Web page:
This article explores the various types of PON (Passive Optical Networks), how they differ and what they are used for.
This was the very first of the PON standards and was based on ATM (Asynchronous Transfer Mode). ATM is a switching technique used by telecommunication networks that uses asynchronous time-division multiplexing to encode data into small, fixed-sized cells. This is different from Ethernet or internet, which use variable packet sizes for data or frames.
It was used for business applications.
BPON is a standard based on APON. It adds support for WDM (Wavelength Division Multiplexing), dynamic and higher upstream bandwidth allocation, and survivability. It also created a standard management interface, called OMCI, between the OLT and ONU/ONT, enabling mixed-vendor networks.
BPON is generally offered at 622 Mbps downstream and 155 Mbps upstream. However, its ATM structure and bandwidth limits make it less than ideal for video which has led to development being stopped. Instead, BPON networks will be converted to EPON or GPON over time.
EPON is a rival activity to GPON, which uses Ethernet packets instead of ATM cells.
Ethernet PON employs a single Layer 2 network that uses Internet Protocol (IP) to carry data, voice, and video. It generally delivers 1 Gbit/s symmetrical bandwidth, making it very popular in modern networks.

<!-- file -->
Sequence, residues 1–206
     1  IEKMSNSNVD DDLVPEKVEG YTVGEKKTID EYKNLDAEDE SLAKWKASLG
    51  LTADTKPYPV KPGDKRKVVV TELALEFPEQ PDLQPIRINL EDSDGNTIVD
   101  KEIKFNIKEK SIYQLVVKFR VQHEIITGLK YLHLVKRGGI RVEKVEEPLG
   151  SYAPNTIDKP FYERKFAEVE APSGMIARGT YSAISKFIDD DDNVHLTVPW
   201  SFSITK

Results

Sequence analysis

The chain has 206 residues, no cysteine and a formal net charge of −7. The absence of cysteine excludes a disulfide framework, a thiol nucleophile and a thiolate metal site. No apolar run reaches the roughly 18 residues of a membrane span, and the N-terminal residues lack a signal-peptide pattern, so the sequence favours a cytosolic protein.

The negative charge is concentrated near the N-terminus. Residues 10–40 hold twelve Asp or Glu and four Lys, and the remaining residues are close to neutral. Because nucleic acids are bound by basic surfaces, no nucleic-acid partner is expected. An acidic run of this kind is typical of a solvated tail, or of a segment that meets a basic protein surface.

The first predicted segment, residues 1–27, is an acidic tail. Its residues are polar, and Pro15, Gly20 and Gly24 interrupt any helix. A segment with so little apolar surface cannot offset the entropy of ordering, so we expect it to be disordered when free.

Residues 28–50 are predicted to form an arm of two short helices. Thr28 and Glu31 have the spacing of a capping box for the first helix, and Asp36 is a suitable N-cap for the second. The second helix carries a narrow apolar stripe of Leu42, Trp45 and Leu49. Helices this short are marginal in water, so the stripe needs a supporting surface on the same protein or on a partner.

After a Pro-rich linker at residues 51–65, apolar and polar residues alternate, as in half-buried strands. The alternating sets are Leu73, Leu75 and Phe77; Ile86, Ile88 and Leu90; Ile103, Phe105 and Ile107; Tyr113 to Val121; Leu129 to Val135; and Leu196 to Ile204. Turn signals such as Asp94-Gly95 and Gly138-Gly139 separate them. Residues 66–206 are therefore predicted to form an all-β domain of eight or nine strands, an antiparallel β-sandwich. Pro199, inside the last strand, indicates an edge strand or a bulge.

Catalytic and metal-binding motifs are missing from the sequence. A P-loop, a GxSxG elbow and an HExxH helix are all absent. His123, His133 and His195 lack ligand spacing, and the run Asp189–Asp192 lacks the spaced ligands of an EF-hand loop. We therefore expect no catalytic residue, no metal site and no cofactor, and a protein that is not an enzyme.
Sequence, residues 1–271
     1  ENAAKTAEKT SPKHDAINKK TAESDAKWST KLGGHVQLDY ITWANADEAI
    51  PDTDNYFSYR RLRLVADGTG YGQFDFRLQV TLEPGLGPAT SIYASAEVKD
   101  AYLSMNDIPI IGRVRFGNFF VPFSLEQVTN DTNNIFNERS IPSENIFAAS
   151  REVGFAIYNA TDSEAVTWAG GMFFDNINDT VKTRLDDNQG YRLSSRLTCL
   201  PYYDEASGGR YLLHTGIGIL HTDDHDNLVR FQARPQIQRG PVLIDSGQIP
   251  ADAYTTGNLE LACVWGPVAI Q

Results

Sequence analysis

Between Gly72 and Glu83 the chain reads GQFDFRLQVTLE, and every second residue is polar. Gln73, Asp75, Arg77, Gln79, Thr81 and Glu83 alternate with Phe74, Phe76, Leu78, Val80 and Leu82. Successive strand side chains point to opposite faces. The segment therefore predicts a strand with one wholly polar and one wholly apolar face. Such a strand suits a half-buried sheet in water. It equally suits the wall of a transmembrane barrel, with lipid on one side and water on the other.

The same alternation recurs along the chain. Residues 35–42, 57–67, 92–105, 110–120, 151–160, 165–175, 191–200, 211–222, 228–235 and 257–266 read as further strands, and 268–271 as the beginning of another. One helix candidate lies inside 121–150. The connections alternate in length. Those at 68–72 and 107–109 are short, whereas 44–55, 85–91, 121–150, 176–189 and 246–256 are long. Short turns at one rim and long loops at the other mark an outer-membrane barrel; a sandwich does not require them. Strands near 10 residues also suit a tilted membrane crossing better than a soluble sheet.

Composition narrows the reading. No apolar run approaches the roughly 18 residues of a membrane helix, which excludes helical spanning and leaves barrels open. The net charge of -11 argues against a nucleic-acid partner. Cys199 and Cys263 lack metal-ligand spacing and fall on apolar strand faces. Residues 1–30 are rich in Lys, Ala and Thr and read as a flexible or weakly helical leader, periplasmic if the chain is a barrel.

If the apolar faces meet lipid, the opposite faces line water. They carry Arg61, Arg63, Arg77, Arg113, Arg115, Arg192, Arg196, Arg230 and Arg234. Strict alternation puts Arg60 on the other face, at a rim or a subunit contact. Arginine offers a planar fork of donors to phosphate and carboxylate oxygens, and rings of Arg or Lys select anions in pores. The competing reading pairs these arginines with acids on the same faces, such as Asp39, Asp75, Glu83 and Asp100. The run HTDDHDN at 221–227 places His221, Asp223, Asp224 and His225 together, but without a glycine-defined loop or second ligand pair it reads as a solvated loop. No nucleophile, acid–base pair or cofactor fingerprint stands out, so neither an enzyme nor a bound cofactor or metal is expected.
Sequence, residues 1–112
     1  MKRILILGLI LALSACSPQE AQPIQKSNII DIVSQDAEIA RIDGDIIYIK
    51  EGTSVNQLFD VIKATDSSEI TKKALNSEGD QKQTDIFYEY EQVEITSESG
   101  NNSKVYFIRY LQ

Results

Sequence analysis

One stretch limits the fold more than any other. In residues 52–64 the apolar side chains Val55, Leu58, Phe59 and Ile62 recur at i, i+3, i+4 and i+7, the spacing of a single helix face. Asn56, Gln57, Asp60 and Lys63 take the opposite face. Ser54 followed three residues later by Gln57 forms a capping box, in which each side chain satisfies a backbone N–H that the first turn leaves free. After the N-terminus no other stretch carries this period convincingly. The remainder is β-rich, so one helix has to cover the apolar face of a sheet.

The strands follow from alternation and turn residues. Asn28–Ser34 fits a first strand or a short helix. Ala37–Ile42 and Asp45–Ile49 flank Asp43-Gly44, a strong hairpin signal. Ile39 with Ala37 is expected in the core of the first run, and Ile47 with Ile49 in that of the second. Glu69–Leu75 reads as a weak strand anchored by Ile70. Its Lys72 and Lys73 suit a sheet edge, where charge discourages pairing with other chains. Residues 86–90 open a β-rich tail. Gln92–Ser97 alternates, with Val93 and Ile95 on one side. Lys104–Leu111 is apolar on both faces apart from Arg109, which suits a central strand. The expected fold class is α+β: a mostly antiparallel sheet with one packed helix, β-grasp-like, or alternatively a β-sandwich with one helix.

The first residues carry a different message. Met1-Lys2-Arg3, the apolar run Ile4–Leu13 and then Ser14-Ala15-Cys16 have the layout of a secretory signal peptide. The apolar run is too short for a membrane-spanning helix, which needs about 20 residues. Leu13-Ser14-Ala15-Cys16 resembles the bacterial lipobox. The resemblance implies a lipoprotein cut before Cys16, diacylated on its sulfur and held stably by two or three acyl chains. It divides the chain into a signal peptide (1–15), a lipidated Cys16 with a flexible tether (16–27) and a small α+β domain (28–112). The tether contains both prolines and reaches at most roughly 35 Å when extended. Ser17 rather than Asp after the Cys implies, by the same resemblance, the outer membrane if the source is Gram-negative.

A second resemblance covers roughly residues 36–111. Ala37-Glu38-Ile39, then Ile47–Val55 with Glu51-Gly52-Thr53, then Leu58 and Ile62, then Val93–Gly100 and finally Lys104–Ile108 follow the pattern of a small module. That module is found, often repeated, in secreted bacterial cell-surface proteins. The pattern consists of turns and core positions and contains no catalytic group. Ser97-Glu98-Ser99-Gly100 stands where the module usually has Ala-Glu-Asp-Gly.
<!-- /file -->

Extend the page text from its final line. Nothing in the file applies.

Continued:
GEPON is still evolving; but, it requires the multiple protocols through translation to support the native Generic Encapsulation Method (GEM) transport layer. This emulation supports ATM, Ethernet and WDM protocols. It is widely deployed in Asia and uses Ethernet as its native protocol and simplifies timing and lowers the costs by using symmetrical 2.5 Gbps data streams. The complexity is lower and cost is less than GPON.
GPON provides three Layer 2 networks: ATM for voice, Ethernet for data and proprietary encapsulation for voice. It offers 1.25 Gbit/s or 2.5 Gbit/s downstream and upstream bandwidths scalable from 155 Mbit/s to 2.5 Gbit/s.